After getting hammered by critics who contended that Qiagen $QGEN was worth a lot more than what Thermo Fisher wanted to spend, investors turned thumbs down on the offer — derailing the buyout even after Thermo Fisher increased its offer to $12.6 billion in July. Qiagen’s share price has been boosted considerably by Covid-19 as demand for its testing kits surged.

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Bayer's Marianne De Backer with Endpoints founder John Carroll, Endpoints@JPM20 (Jeff Rumans for Endpoints News)

UP­DAT­ED: Hunt­ing a block­buster, Bay­er forges an $875M-plus M&A deal to ac­quire women’s health biotech

Bayer has dropped $425 million in cash on its latest women’s health bet, bringing a UK biotech and its non-hormonal menopause treatment into the fold.

KaNDy Therapeutics had its roots in GlaxoSmithKline, which spun out several neuroscience drugs into NeRRe Therapeutics back in 2012. Five years later the team created a new biotech to focus solely on NT-814 — which they considered “one of the few true innovations in women’s health in more than two decades.”

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US gov­ern­ment re­port­ed­ly be­gins prepar­ing for Covid-19 chal­lenge tri­als. Are they eth­i­cal?

Controversial human challenge trials for potential Covid-19 vaccines reportedly have a new booster — the US government.

Scientists working for the government have begun manufacturing a strain of the novel coronavirus that could be used in such studies, Reuters reported Friday morning. The trials would enroll healthy volunteers to be vaccinated and then intentionally infected with a weakened coronavirus.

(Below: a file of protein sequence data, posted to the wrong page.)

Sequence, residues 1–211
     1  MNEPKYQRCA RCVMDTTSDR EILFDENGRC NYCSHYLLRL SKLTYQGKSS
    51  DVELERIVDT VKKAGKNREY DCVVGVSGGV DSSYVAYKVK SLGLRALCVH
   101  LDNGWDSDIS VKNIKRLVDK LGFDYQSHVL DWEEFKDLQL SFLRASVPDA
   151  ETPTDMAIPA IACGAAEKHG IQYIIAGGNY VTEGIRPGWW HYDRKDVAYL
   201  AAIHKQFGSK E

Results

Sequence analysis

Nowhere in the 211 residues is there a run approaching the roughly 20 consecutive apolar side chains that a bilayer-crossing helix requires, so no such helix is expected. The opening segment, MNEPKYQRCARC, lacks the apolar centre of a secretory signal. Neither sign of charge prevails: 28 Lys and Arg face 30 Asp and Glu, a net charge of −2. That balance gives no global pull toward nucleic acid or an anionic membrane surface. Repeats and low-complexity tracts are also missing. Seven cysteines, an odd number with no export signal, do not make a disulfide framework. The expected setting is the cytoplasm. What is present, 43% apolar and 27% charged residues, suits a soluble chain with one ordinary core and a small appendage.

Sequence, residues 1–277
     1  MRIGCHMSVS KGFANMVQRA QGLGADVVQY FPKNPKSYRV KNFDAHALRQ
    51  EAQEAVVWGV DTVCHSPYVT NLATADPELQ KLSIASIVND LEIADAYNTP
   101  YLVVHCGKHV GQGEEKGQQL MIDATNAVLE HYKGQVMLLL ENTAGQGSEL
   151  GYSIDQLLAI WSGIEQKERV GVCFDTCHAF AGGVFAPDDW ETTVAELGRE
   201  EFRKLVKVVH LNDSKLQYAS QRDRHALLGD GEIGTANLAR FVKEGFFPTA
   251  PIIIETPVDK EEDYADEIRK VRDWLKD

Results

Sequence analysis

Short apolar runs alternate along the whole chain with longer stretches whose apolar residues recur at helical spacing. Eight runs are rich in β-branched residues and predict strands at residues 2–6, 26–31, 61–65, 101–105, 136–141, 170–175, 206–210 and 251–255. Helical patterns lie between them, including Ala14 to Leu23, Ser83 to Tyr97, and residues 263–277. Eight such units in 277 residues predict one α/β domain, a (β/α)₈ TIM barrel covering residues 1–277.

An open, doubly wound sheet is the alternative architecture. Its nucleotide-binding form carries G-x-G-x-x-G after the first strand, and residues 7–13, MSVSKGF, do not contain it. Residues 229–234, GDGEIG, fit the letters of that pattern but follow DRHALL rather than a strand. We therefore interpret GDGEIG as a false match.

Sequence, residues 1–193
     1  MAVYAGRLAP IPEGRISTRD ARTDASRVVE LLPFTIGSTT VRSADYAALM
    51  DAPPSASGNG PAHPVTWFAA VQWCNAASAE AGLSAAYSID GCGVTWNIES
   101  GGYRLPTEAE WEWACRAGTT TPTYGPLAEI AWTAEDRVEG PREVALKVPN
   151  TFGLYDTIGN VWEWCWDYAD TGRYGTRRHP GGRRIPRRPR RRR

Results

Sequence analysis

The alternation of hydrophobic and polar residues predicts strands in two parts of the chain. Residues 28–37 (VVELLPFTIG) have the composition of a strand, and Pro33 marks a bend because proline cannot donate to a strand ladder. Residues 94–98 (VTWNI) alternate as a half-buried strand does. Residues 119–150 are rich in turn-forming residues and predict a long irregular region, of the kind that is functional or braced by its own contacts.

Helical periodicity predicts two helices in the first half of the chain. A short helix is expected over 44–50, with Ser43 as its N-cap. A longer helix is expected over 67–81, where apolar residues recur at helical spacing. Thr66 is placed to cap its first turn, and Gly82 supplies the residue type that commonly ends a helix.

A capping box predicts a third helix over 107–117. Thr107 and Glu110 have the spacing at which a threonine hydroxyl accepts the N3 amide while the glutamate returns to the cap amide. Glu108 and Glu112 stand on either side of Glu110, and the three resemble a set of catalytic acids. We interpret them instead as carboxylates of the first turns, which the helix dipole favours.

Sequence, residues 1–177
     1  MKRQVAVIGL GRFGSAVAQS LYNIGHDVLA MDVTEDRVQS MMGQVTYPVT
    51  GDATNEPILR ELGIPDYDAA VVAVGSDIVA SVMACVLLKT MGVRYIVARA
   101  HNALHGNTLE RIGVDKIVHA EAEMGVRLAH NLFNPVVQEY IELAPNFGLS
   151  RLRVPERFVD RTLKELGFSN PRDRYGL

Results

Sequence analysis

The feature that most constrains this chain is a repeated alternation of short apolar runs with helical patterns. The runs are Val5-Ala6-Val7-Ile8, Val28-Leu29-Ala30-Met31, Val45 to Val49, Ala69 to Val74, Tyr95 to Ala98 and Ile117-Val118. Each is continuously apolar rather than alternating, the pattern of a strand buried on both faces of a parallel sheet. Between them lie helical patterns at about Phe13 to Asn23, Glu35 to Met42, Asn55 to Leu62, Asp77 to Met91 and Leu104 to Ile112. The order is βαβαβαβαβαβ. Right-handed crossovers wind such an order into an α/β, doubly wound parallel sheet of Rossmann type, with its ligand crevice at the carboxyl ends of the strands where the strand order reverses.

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Trevor Martin (Mammoth)

Eye­ing in-vi­vo edit­ing, Mam­moth li­cens­es Jen­nifer Doud­na’s new CRISPR en­zyme

Last month, Jennifer Doudna revealed in Science a new, “hyper-compact” CRISPR enzyme that was half the size of traditional CRISPR enzymes and could, she suspected, offer a new, more versatile tool for gene editing.

Now, the University of California-Berkeley has licensed that enzyme, known as Casφ, exclusively to a biotech startup she and two former students set up three years ago: Mammoth Biosciences. It’s the second new CRISPR protein Mammoth has licensed from Doudna’s lab, after they licensed Cas14 in 2019.

Sanofi vet Kather­ine Bowdish named CEO of PIC Ther­a­peu­tics; As the world Terns: Liv­er dis­ease biotech makes ex­ec­u­tive changes

PIC Therapeutics hasn’t raised much money, yet. But the fledgling biotech has attracted a high-profile player to the helm.

The Boston-based biotech has handed the reins to Katherine Bowdish as its president and CEO. Bowdish will also join the board of directors of PIC. Bowdish joins from Sanofi where she served as VP and head of R&D strategy, as well as helping launch and lead Sanofi Sunrise, a venture investment and partnering vehicle at Sanofi. Before that, Bowdish held several exec roles at Permeon Biologics, Anaphore, Alexion Pharmaceuticals and Prolifaron (acquired by Alexion).